Investment Opportunity: I have assumed a 10% rate of return by simple interest. You can be more creative with your investments, go for SIP investment in some leading mutual fund or invest it somewhere else with a better rate of return.

With the figures originally given by GTO, the net savings at the end of five years if you decide to retain your car turn out to be Rs. 40,000/-. However if you work more on the investment part, you could easily end up saving about twice as much money after five years.

Example: The EMIs for the new car for a whole year would turn out to be Rs. 2,40,000/- Let's assume I am not paying these EMIs, so at the end of the year I end up with a saving of Rs. 240,000 in my bank. I invest this at 10% simple interest. For years 2, 3, 4 and 5, my total interest on this amount would be Rs. 96,000/- At the end of the second year, I have another Rs. 240,000 in my bank which I invest in a similar manner. On this I earn interest for years 3, 4 and 5, which comes to Rs. 72000/-. After third year, I invest another Rs. 2,40,000/-, earn interest for years 4 and 5 which is Rs. 48,000/-. After fourth year I invest another Rs. 240,000/- and earn Rs. 24,000/- for the fifth year. After fifth year I have yet another 2,40,000 in the bank, but since our analysis ends at this stage, the earnings from this pool of money would not be included. So at the end of this period, I have amassed Rs. 2,40,000 just out of earning a simple 10% interest on the moneys I invested at the end of each year.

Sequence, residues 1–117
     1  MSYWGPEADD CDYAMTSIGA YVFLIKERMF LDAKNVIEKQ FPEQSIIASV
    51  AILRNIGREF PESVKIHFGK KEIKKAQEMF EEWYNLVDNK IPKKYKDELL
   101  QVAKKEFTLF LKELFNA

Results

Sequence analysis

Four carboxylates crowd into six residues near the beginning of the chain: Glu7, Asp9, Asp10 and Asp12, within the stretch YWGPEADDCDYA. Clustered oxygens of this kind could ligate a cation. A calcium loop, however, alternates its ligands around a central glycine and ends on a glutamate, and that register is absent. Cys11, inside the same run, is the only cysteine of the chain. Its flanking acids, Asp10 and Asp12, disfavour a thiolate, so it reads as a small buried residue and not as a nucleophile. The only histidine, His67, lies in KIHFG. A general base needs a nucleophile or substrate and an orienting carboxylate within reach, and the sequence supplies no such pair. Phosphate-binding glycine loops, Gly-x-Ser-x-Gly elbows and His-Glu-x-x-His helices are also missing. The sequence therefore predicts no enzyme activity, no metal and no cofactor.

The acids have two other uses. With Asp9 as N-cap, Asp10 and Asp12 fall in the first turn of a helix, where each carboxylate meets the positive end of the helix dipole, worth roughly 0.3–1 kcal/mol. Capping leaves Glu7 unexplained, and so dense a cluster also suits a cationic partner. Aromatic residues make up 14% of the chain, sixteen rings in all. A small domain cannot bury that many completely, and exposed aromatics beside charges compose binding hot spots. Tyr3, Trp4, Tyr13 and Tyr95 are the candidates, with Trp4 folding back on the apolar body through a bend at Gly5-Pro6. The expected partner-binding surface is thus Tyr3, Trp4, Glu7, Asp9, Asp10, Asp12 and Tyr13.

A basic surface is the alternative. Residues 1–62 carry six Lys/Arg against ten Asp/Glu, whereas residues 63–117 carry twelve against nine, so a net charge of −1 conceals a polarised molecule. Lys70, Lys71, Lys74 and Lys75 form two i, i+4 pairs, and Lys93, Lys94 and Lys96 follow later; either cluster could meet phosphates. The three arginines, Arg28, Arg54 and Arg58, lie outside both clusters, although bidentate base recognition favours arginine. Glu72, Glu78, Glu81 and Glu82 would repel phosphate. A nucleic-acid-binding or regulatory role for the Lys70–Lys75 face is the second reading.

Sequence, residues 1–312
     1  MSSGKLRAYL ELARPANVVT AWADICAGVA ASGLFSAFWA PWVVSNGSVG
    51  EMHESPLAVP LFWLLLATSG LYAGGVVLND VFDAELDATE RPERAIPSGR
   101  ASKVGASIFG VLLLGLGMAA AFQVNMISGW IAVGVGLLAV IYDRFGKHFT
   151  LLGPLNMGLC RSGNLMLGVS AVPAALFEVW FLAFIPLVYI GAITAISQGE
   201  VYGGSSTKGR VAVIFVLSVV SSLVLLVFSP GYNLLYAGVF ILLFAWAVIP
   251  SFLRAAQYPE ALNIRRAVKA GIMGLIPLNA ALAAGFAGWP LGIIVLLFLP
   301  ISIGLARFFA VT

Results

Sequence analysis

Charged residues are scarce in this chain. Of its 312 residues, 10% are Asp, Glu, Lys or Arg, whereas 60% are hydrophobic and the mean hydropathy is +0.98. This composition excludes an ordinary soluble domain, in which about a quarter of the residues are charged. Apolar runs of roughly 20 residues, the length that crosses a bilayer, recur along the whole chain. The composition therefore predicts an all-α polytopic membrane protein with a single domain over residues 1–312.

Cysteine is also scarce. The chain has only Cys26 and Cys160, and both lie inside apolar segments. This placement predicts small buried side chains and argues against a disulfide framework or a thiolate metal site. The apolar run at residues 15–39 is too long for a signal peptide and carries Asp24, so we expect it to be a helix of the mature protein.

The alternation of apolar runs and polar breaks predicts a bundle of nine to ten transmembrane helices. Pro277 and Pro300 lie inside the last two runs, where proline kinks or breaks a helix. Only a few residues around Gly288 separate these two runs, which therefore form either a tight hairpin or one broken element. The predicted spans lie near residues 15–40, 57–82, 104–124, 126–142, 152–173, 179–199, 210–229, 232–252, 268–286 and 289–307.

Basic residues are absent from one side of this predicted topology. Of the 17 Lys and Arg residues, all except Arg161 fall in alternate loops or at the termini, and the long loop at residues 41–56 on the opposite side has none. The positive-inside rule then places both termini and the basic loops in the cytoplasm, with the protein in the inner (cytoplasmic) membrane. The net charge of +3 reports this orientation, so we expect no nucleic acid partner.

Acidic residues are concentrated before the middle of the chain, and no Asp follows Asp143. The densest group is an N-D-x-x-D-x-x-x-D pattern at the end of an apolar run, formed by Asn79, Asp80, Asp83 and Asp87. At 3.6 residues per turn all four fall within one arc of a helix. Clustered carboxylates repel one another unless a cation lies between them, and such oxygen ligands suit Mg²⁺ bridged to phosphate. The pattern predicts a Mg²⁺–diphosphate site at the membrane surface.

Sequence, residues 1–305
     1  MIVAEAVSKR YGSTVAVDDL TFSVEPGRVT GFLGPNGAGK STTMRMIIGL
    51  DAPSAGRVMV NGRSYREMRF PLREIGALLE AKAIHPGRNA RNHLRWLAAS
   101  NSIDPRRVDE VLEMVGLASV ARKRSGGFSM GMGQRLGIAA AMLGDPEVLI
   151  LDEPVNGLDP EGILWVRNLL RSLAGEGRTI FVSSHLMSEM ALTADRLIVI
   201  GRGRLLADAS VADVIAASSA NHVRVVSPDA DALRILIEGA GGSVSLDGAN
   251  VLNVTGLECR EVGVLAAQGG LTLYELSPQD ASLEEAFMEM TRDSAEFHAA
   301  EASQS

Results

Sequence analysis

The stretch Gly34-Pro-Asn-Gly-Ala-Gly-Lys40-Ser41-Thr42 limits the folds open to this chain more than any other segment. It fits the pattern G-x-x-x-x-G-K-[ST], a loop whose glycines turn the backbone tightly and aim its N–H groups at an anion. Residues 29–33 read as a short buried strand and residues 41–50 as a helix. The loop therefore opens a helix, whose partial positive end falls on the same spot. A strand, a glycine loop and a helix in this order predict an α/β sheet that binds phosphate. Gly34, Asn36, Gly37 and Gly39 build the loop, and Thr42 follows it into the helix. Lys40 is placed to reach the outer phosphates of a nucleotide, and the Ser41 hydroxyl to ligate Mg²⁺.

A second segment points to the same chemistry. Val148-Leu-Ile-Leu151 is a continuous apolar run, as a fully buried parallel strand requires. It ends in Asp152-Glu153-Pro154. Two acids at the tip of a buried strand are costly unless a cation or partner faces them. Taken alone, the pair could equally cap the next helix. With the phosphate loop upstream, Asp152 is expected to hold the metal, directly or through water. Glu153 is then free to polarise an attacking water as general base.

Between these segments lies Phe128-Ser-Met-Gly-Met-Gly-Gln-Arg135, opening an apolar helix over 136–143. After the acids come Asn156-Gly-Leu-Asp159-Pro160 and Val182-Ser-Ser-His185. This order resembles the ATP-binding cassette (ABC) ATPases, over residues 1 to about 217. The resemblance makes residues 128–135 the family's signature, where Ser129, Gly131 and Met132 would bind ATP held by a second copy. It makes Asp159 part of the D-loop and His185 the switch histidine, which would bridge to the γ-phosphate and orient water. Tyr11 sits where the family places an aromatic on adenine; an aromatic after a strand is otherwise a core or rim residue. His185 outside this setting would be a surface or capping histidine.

That's a whopping one whole year's EMIs I saved. An obvious fact is after the fifth year I have put 12 L as investment. From the sixth year onwards, I am earning 120,000 just as interest on this investment. So after 10 years if I were to swap my 10 year old car for a brand new one, I would be paying half my EMIs out of the interest earned.

Now, that's the most simple way. A better approach would be to use cumulative deposits or reinvest the interest. Still better, you could find investment opportunities, such as MF or ULIPs, where you can earn upto 17-18% rate of interest.
Attached Files
File Type: pdf CostOfOwnership.pdf (31.4 KB, 345 views)

Last edited by honeybee : 11th May 2010 at 11:36.
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Old 11th May 2010, 14:22   #308
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We can play around with the interest rates on the investment based on the individuals ability, economic factors etc. Let's leave that aside and assume the interest as GTO calculated it to keep things simple.